We live in an age of "ed. reform." NCLB, RTTT, and other pieces of legislation are sold as cures to an education system in crisis. Teacher accountability, testing, and school choice are hotly contested political issues.
But what gets left out of these debates is what kind of education we are giving our students in this tumultuous time.
And that makes me upset.
Because how our children are educated is perhaps the most fundamental issue we face. And we need to tell better stories about the things that matter most.
Thoreau wrote, "Let every man make known what kind of government would command his respect, and that will be one step toward obtaining it." The same is true for our school system. Each of us must construct a vision of teaching and learning. And then we must be willing to proclaim and defend that vision when pressed by people of good will and not-so-good will.
This is the goal of the conversation: That every participant will leave with a vision of education they are willing to communicate and defend. Our political discussions have been taken over by moguls and spin-doctors. We need grassroots conversations on teaching and learning, taking place all over the country. These conversations will take place in grocery store lines and dinner tables, not think tanks and Congress.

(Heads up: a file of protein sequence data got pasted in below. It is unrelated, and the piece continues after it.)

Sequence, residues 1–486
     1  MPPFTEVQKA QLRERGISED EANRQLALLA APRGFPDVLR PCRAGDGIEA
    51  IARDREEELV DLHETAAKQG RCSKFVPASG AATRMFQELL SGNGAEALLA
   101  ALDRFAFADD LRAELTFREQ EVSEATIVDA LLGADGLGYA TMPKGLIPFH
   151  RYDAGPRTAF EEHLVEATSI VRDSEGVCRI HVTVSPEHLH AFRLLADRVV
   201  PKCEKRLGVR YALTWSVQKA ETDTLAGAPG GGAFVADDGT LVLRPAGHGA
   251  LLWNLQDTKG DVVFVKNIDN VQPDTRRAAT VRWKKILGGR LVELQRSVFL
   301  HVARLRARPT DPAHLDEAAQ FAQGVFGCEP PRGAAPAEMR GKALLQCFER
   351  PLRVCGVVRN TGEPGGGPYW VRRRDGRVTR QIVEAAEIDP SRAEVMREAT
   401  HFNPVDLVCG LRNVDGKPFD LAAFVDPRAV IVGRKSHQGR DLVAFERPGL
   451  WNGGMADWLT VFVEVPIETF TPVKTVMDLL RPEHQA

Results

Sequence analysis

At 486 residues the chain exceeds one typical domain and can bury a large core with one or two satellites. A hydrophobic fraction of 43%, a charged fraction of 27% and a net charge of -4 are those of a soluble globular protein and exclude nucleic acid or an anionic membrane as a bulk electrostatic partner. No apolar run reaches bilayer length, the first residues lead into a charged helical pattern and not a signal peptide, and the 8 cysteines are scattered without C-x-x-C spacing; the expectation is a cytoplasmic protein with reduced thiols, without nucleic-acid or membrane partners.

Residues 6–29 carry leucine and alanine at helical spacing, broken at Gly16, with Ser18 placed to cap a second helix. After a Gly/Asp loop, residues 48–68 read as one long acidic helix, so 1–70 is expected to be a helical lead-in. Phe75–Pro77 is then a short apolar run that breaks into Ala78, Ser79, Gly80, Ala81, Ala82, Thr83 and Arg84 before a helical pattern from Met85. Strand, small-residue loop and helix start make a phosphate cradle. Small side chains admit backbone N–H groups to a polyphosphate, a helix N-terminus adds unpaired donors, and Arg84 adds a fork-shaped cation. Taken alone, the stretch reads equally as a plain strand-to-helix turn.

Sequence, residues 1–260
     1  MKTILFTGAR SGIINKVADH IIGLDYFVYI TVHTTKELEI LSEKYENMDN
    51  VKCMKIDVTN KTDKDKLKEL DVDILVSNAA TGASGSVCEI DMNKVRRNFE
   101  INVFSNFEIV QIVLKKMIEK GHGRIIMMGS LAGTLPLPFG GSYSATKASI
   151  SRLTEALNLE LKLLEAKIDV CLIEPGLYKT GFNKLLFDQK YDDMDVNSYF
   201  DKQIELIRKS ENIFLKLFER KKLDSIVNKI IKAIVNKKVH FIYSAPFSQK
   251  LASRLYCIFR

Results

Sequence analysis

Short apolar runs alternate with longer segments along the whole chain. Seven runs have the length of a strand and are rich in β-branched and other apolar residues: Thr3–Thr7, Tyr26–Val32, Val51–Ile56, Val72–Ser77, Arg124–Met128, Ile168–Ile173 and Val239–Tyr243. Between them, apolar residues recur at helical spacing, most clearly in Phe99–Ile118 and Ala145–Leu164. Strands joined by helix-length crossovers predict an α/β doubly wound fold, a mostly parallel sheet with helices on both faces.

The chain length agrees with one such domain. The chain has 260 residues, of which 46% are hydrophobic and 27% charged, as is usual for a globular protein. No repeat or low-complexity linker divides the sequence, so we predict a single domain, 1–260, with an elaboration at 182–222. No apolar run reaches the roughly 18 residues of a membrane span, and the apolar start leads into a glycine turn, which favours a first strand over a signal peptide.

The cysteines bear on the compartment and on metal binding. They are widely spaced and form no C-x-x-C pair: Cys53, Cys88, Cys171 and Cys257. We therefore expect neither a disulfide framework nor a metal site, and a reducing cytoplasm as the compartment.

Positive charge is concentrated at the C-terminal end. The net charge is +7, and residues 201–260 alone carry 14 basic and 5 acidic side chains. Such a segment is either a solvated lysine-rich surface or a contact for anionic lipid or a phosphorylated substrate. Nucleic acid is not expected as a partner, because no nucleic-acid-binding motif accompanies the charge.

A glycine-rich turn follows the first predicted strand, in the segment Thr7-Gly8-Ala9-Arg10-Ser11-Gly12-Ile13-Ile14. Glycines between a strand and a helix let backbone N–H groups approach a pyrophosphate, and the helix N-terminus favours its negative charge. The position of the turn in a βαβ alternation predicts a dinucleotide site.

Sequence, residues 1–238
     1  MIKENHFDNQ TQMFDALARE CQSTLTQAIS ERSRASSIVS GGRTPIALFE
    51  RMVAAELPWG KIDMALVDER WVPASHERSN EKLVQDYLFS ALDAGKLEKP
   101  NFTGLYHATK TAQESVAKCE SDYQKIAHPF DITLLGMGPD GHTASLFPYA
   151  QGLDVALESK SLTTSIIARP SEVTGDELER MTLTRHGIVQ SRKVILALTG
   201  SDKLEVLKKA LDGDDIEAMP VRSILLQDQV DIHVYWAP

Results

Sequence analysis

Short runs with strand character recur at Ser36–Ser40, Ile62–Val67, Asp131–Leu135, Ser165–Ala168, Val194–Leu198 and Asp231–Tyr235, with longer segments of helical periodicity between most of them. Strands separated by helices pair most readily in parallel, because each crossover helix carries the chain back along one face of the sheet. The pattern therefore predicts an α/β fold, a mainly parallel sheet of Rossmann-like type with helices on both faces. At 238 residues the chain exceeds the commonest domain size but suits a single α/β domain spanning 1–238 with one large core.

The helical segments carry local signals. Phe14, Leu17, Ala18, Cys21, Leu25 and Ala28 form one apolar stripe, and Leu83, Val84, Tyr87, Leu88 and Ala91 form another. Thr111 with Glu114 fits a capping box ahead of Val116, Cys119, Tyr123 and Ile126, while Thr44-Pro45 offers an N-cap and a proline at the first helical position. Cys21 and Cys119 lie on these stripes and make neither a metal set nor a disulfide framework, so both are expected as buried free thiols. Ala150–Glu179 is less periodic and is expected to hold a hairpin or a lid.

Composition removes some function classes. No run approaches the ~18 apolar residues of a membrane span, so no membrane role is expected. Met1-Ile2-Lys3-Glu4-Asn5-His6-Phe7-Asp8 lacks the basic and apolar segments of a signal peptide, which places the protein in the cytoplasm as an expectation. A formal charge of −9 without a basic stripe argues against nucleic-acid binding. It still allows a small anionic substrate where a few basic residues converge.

I am tremendously excited to hear from you, and share my own experiences from Teach for America, the Philadelphia School District, and Science Leadership Academy.
This presentation will be a series of conversations. I am excited to share my own humble vision, in light of my experiences, and I am excited to hear from other fellow travelers with have far more experience than I have. We will share our visions, and give each other feedback on how to "Make it Stick."
A wiki of our visions and our ways of communicating them may be the product of this session.